This time it is the teachers who are in a class. Normally it is the students who attend our service-learning classes. Today we are in a workshop learning how to assess the quality of a service-learning course (subject), from one of the pioneers, Professor Andrew Furco. He has been tirelessly researching, teaching, and promoting service-learning all over the world. He has also been giving us a lot of help over the years.
30+ teachers from PolyU, Baptist U, Lingnan U and HKU (and perhaps some other university that I missed) sat for 3 hours to learn to “grade” a service-learning course using 28 measures. It is hard. We argued, or at least debated intensively, whether the service prescribed are too “light” and can actually achieve the intended learning objectives. We tried to guess whether the discussions as prescribed in the syllabus can actually help the students link the academic content to the issues uncovered through the service.
Whatever the conclusion each of us drew from the workshop, we participated vigorously. And we learned a lot. From the workshop, from each other. Just like many other things in education, there is no absolute answer to these kind of questions. We learn incrementally, relatively.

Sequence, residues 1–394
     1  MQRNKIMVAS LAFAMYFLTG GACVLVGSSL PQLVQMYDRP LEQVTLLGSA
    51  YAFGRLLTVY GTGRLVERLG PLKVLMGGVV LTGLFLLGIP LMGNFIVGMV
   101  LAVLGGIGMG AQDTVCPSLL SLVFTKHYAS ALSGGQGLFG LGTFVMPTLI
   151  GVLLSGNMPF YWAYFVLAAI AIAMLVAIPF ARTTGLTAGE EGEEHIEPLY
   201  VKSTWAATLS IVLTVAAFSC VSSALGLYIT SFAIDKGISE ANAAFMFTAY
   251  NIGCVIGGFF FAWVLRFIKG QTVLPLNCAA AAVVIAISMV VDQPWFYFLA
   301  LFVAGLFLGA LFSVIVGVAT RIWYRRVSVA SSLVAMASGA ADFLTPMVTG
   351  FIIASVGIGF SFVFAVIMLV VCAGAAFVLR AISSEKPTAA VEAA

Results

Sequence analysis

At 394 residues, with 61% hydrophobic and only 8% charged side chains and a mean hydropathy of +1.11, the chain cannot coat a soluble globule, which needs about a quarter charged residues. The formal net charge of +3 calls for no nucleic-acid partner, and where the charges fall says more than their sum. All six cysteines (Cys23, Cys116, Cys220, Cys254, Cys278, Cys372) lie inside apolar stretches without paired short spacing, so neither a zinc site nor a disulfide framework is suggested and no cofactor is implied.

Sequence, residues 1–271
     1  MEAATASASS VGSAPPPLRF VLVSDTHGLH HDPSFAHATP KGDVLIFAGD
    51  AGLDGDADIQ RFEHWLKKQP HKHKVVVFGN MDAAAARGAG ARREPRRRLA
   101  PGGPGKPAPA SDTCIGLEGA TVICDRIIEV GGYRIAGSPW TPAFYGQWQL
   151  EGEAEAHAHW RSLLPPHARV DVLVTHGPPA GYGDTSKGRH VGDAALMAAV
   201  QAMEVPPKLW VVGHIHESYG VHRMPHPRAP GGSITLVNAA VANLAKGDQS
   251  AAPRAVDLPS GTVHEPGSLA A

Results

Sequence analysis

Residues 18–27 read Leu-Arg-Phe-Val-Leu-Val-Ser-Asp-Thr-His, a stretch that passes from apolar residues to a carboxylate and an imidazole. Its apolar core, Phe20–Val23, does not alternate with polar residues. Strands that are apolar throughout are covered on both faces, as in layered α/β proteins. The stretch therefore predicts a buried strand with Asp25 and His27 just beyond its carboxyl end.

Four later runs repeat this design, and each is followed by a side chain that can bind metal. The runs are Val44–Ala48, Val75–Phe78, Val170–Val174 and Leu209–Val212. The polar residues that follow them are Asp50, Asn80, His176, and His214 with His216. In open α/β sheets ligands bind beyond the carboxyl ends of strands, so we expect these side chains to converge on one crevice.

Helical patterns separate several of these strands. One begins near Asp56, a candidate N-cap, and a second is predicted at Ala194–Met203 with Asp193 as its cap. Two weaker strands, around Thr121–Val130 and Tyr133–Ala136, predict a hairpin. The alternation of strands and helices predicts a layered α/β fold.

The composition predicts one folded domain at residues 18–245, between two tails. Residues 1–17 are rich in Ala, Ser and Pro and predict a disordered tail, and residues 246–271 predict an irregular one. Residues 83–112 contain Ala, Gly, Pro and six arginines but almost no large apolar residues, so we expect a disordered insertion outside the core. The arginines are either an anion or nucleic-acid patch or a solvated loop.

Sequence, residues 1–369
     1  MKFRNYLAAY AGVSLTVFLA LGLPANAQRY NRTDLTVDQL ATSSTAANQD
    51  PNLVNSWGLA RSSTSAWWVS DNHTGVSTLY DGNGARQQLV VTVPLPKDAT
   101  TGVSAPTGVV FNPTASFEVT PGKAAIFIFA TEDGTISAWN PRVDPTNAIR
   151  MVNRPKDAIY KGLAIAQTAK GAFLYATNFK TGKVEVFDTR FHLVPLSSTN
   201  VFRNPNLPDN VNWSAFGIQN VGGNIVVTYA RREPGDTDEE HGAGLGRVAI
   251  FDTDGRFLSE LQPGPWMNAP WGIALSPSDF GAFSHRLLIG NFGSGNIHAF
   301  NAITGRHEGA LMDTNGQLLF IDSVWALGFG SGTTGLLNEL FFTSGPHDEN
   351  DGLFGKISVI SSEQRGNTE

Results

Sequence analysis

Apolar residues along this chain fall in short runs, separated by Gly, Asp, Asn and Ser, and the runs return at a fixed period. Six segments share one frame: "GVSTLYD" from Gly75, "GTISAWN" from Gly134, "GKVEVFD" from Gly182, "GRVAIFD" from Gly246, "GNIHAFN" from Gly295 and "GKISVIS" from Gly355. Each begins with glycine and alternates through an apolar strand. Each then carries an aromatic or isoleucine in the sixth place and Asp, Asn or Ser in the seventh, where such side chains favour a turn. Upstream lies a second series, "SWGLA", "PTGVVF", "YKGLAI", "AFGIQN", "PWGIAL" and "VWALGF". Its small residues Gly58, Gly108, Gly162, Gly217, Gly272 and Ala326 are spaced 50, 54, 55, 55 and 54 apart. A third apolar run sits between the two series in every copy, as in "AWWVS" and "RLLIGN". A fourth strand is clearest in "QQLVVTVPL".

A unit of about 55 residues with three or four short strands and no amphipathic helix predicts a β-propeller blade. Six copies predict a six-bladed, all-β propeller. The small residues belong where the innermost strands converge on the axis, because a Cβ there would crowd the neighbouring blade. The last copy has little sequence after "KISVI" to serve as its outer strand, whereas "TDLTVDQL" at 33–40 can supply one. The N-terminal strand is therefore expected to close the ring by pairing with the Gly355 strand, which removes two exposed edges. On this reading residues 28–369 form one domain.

I was struck with one thought towards the end of the workshop. It is not really common for teachers in universities to be so excited about the quality of teaching. Why are so keen then? Perhaps it is because we do actually fervently believe in the power of service-learning in particular, and in education in general? Too bad that service-learning is only one of the 40 courses that an undergraduate student has to take. If the 39 other courses are getting as much attention, …